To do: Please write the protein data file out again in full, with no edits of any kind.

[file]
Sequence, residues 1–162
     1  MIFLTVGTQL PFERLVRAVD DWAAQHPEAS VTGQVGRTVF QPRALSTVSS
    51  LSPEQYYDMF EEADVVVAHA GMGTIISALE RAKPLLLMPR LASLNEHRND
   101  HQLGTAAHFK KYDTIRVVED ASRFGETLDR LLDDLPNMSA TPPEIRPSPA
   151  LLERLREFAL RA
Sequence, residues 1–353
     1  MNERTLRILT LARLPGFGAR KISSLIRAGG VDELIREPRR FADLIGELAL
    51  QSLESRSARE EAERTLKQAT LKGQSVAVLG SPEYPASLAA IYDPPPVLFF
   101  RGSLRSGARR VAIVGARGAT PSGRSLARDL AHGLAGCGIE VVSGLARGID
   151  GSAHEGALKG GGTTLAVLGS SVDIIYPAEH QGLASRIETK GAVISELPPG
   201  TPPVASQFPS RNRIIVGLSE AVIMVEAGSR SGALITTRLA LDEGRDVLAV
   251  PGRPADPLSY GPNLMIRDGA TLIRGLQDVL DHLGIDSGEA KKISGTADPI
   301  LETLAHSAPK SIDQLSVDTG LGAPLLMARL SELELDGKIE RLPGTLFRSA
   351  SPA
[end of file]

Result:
Sequence, residues 1–162
     1  MIFLTVGTQL PFERLVRAVD DWAAQHPEAS VTGQVGRTVF QPRALSTVSS
    51  LSPEQYYDMF EEADVVVAHA GMGTIISALE RAKPLLLMPR LASLNEHRND
   101  HQLGTAAHFK KYDTIRVVED ASRFGETLDR LLDDLPNMSA TPPEIRPSPA
   151  LLERLREFAL RA
Sequence, residues 1–353
     1  MNERTLRILT LARLPGFGAR KISSLIRAGG VDELIREPRR FADLIGELAL
    51  QSLESRSARE EAERTLKQAT LKGQSVAVLG SPEYPASLAA IYDPPPVLFF
   101  RGSLRSGARR VAIVGARGAT PSGRSLARDL AHGLAGCGIE VVSGLARGID
   151  GSAHEGALKG GGTTLAVLGS SVDIIYPAEH QGLASRIETK GAVISELPPG
   201  TPPVASQFPS RNRIIVGLSE AVIMVEAGSR SGALITTRLA LDEGRDVLAV
   251  PGRPADPLSY GPNLMIRDGA TLIRGLQDVL DHLGIDSGEA KKISGTADPI
   301  LETLAHSAPK SIDQLSVDTG LGAPLLMARL SELELDGKIE RLPGTLFRSA
   351  SPA